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Playing five string compositions on a four?

Discussion in 'Technique [BG]' started by HeavyDuty, Feb 25, 2002.


  1. HeavyDuty

    HeavyDuty Supporting Curmudgeon Staff Member Gold Supporting Member

    Jun 26, 2000
    Suburban Chicago, IL
    My guitar bud wants us to start on a few pieces that are written for a five. I have a slew of fours. I figure I have three options:

    1) Tune one bass to BEAD - probably my fretted Steinie Spirit, since the zero nut makes it easy to change string gauges.

    2) Play up an octave, or something similar.

    3) Buy a five!

    Any comments about option 2?
     
  2. SuperDuck

    SuperDuck

    Sep 26, 2000
    Wisconsin
    It depends on the song, but unless you're playing songs that camp out on the B string, you should be ok just playing up an octave. Most players who use a 5-string tastefully (Of course, I don't know what songs your guitarist picked ;)) only dip below occasionally E or D for a dramatic effect. This is usually just an embellishment that can be done an ocatve up. Perhaps playing the octave further up the neck as opposed to across the fretboard will give it more girth? So, in conclusion, it depends on the song. :D
     
  3. HeavyDuty

    HeavyDuty Supporting Curmudgeon Staff Member Gold Supporting Member

    Jun 26, 2000
    Suburban Chicago, IL
    I'm very lucky to have Tom as a friend and a guitarist - he used to gig way back when, and is quite talented.

    His musical tastes are as eclectic as mine. For instance, these are some of the songs we do or that we're working on:

    Collective Soul - December
    Train - Drops of Jupiter
    Pink Floyd - Mother
    Smithereens - Blood and Roses
    Blue Rodeo - Trust Yourself
    Del Amitri - Stone Cold Sober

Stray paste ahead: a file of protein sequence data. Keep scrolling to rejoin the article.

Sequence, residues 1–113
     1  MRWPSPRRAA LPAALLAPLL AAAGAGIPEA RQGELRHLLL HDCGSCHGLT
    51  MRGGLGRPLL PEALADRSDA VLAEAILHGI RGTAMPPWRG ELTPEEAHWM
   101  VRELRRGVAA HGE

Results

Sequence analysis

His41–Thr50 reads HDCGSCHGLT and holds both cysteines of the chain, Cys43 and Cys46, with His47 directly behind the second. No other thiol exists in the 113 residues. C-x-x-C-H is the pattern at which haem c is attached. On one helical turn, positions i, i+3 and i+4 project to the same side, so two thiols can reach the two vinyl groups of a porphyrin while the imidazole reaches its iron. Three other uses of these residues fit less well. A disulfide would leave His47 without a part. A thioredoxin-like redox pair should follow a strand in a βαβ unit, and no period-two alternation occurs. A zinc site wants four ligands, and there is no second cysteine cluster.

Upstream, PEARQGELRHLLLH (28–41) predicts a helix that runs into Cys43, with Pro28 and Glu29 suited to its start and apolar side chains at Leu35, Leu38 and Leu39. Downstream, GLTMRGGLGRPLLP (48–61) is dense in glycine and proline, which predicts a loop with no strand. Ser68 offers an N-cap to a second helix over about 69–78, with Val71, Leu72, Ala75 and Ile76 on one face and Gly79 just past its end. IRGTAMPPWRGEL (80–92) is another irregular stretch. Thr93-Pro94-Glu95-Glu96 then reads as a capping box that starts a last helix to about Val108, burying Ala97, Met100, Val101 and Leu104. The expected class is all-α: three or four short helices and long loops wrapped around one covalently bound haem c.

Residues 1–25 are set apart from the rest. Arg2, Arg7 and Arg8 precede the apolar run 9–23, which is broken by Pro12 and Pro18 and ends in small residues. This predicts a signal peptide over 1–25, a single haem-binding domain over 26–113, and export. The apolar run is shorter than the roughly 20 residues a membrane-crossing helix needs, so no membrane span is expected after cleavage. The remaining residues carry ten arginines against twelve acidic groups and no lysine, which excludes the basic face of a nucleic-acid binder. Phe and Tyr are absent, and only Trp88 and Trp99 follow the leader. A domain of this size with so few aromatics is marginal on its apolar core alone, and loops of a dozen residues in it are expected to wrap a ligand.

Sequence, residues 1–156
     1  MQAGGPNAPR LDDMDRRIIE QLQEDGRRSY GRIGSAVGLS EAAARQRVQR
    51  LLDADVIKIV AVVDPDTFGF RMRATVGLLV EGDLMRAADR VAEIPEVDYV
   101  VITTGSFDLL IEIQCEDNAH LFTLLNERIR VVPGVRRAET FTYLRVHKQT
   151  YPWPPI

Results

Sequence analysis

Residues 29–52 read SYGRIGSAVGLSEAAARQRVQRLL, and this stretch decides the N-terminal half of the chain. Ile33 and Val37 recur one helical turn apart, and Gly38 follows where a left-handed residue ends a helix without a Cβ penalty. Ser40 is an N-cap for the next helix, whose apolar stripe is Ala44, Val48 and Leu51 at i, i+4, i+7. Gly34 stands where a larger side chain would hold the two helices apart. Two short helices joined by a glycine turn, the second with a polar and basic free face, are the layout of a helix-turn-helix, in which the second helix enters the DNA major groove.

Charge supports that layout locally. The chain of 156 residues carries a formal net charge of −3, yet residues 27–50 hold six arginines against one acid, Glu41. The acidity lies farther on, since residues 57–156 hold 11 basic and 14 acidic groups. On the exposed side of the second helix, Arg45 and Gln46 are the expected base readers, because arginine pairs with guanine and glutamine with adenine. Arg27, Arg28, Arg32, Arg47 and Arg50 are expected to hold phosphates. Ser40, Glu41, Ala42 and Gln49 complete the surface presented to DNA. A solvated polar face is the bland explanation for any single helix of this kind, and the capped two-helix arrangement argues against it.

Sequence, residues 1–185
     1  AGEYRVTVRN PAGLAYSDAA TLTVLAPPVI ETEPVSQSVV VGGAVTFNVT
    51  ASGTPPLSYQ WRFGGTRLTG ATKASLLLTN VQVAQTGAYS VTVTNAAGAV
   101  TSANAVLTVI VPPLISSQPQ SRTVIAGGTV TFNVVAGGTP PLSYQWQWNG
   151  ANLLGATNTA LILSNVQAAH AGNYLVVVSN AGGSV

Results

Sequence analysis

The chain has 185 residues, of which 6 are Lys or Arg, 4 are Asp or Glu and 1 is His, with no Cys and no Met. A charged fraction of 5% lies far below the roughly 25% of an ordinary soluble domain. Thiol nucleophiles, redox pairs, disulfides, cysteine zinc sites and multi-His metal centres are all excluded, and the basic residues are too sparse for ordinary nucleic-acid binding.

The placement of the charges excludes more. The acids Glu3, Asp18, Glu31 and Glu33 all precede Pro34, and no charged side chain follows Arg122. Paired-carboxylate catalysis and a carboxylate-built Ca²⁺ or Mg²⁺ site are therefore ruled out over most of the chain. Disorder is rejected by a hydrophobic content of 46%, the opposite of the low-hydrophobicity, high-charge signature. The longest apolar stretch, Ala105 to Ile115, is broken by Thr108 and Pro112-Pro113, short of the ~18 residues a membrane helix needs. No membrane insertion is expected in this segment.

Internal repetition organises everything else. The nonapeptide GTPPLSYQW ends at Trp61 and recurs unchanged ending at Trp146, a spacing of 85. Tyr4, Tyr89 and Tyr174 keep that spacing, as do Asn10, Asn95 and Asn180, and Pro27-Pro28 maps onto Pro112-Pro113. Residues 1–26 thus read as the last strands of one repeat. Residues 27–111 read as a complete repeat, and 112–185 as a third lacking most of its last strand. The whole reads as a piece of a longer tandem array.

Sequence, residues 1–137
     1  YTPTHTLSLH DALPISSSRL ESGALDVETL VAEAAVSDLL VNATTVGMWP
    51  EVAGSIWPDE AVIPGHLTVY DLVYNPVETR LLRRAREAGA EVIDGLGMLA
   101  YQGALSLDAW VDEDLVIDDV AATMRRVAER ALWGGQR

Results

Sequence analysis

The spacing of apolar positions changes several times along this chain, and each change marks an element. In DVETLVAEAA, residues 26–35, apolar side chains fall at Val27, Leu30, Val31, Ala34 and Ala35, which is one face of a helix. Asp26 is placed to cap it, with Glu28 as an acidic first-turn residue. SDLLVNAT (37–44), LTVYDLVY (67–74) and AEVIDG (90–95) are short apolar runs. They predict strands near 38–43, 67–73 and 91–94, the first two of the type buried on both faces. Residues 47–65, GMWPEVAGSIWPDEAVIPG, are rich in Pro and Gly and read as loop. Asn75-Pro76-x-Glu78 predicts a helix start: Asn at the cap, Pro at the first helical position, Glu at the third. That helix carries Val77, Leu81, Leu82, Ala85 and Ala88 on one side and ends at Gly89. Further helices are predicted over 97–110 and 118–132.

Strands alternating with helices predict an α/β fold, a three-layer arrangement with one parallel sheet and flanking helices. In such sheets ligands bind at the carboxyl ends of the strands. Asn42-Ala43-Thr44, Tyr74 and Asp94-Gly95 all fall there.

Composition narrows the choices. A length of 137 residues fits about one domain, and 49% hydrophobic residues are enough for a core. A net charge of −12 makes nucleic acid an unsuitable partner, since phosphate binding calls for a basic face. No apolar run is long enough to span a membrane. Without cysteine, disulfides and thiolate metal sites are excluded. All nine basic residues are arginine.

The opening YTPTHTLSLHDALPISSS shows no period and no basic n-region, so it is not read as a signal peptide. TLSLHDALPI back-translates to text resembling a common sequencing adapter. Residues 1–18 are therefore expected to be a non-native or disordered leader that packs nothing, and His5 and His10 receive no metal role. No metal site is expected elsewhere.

Harvey Danger - Flagpole Sitta
    Goo Goo Dolls - Slide

    When you're as old as we are, you tend to be more openminded!

    So, I never really know what he's going to suggest next. He has said that he's passed on certain songs in the past because of the five string.
     
  4. SuperDuck

    SuperDuck

    Sep 26, 2000
    Wisconsin
    I must say, I'm jealous. My bandmates (specifically the guitarist) are VERY specific on what they want to do. It's pretty much split between the rhythm section and the guitarist/vocalist in terms of desire of songs to cover. But I digress. :) What are the specific fiver songs you were looking at doing?
     
  5. HeavyDuty

    HeavyDuty Supporting Curmudgeon Staff Member Gold Supporting Member

    Jun 26, 2000
    Suburban Chicago, IL
    Don't have any yet, but I'll ask Tom which ones he passed over. Any suggestions?

    Oh, yeah - he has no mongo ego, either. He knows he's pretty good, but never rubs your nose in it. And he knows the value of silence in music!
     
  6. Intrepid

    Intrepid

    Oct 15, 2001
    Maybe you can just get a really big A string, that we you can play Ds on the 5th fret and it'll still sound thick....most tasteful 5-stringers really do only go to the D...
     
  7. HeavyDuty

    HeavyDuty Supporting Curmudgeon Staff Member Gold Supporting Member

    Jun 26, 2000
    Suburban Chicago, IL
    Yeah, I've noticed that - the low B is there for spice, not the main course!
     
  8. SuperDuck

    SuperDuck

    Sep 26, 2000
    Wisconsin
    That's how I've always looked at it. Anywho, the dude from Alien Ant Farm uses a sixer, but a lot of songs, like Movies, can be played on a four. I'm pretty sure that he doesn't dip below low E, so I'm not sure how that's going to help you, but it's a good song! :D
     
  9. My bandmates are also very specific:

    "Let's do Deftones!"

    "This Linkin Park tab is 100% correct"

    "I just learned this Papa Roach riff..."

    Basically you wouldn't hear the difference if I all of the sudden stopped playing. And I'm the guy who wants to be good enough to play jazz someday.